Mizutaki (chicken boiled plain) (水炊き)

Mizutaki is a kind of a one-pot dish cooked at the table, a local dish mainly eaten in Fukuoka Prefecture. As it is eaten across Japan today, it is getting customized in each region.

Summary

Although the ways of cooking are similar, there are some differences between mizutaki in Fukuoka Prefecture and that in other regions.

Chicken skin and chunks of chicken on the bone (mainly dark meat) are used. Originally it is cooked from water without any seasoning in order to make the most of stock from chicken and bones, thus it is called 'mizutaki' (stewed with water). Nevertheless some restaurants use chicken stock from the beginning so that they can always serve mizutaki with the same taste. In regions other than Fukuoka Prefecture, konbu (a kind of kelp used for Japanese soup stock) is laid in the bottom of pot as an additional stock. Basically the soup is not seasoned other than the above. Cooked ingredients are seasoned with ponzu soy sauce (soy source containing citrus juice) or yuzu kosho (a spicy, hot Japanese condiment made from yuzu rinds, chili and salt), etc. that are prepared in small plates (sometimes spiced with hot peppers or other spices) before eaten.

Usually, Chinese cabbage or cabbage and Japanese leeks are usually cooked together with chicken, and mushrooms, shirataki (white stringy food made from konjac starch) and garland chrysanthemum are added if desired. Other than chicken, a dish made with beef or pork alone or together with tofu (bean curd) and seafood (oysters or codfish) is also called mizutaki sometimes. In some cases Japansese udon noodles are added in the leftover soup or rice is added to make rice porridge.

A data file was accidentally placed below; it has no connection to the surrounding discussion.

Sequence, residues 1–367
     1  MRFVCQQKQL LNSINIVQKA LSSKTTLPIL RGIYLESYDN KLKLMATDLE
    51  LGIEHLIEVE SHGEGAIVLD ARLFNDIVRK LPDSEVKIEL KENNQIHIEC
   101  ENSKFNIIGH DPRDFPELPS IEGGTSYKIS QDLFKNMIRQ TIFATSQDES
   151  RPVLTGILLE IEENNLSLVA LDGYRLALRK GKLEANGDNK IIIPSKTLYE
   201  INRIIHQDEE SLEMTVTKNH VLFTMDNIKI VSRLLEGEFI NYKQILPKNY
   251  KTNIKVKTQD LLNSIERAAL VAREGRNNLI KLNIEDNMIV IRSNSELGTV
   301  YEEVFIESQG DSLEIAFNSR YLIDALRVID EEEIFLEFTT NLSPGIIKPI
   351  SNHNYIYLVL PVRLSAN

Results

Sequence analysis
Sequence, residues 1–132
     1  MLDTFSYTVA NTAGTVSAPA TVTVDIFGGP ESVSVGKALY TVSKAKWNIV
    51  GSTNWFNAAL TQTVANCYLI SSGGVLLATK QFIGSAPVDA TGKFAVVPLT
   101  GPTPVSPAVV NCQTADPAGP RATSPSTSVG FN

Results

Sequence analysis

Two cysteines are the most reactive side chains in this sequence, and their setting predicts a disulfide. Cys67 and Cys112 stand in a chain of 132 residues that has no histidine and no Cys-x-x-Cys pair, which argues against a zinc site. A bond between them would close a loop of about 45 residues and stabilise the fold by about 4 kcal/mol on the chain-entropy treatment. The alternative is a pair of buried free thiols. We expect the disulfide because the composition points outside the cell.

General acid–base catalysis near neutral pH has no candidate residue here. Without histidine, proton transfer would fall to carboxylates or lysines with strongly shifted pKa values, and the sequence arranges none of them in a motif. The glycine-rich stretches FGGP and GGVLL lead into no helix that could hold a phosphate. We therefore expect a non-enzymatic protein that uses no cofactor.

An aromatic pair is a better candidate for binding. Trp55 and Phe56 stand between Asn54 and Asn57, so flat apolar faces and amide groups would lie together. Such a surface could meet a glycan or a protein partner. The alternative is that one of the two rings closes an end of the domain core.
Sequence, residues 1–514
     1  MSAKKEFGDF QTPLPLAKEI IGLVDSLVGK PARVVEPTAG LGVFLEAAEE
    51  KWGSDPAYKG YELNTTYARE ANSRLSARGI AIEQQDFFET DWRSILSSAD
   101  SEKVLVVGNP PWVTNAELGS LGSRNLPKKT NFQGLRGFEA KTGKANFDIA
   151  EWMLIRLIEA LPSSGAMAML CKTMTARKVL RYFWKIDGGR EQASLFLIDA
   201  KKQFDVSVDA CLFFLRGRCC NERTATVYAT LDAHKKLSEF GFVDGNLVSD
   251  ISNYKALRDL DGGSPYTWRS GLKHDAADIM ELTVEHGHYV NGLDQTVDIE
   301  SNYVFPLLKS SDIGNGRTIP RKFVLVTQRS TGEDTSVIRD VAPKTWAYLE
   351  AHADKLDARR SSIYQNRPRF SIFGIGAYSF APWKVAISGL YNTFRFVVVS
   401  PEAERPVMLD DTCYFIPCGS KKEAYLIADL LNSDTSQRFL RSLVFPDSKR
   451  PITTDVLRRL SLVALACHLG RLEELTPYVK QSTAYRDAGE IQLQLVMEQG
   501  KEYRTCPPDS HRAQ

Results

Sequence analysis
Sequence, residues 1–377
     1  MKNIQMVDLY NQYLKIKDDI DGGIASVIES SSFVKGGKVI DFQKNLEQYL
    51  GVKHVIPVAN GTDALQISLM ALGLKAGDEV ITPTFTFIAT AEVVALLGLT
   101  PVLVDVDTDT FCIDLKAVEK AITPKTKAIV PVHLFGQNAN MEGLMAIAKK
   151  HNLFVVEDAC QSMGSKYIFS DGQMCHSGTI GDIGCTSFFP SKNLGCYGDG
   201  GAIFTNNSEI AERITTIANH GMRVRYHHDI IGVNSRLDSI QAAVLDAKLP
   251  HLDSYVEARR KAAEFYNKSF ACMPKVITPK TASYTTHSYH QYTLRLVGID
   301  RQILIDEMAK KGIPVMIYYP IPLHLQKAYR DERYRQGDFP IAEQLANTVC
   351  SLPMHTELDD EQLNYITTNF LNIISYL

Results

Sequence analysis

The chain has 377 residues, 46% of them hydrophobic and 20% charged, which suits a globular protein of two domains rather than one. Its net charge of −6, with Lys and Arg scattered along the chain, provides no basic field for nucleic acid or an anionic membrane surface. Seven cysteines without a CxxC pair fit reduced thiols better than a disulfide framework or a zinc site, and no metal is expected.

Although mizutaki is often said to have its origin in a local dish of Hakata, hot pot of chicken had existed nationwide from the Edo period, and became popular as chicken pot (fowl cooked in a flat pan) from the Meiji period.

In another story, Heizaburo HAYASHIDA who was born in Nagasaki went to Hong Kong in 1897 when he was fifteen and lived with an English family and learned cooking. After he came back to Japan, he is said to have arranged Western consomme and Chinese chicken soup that he had learned there to make the original Hakata mizutaki in 1905.

Along with gameni dish, mizutaki is selected as a local dish of Fukuoka Prefecture in the hundred best local dishes of rural areas.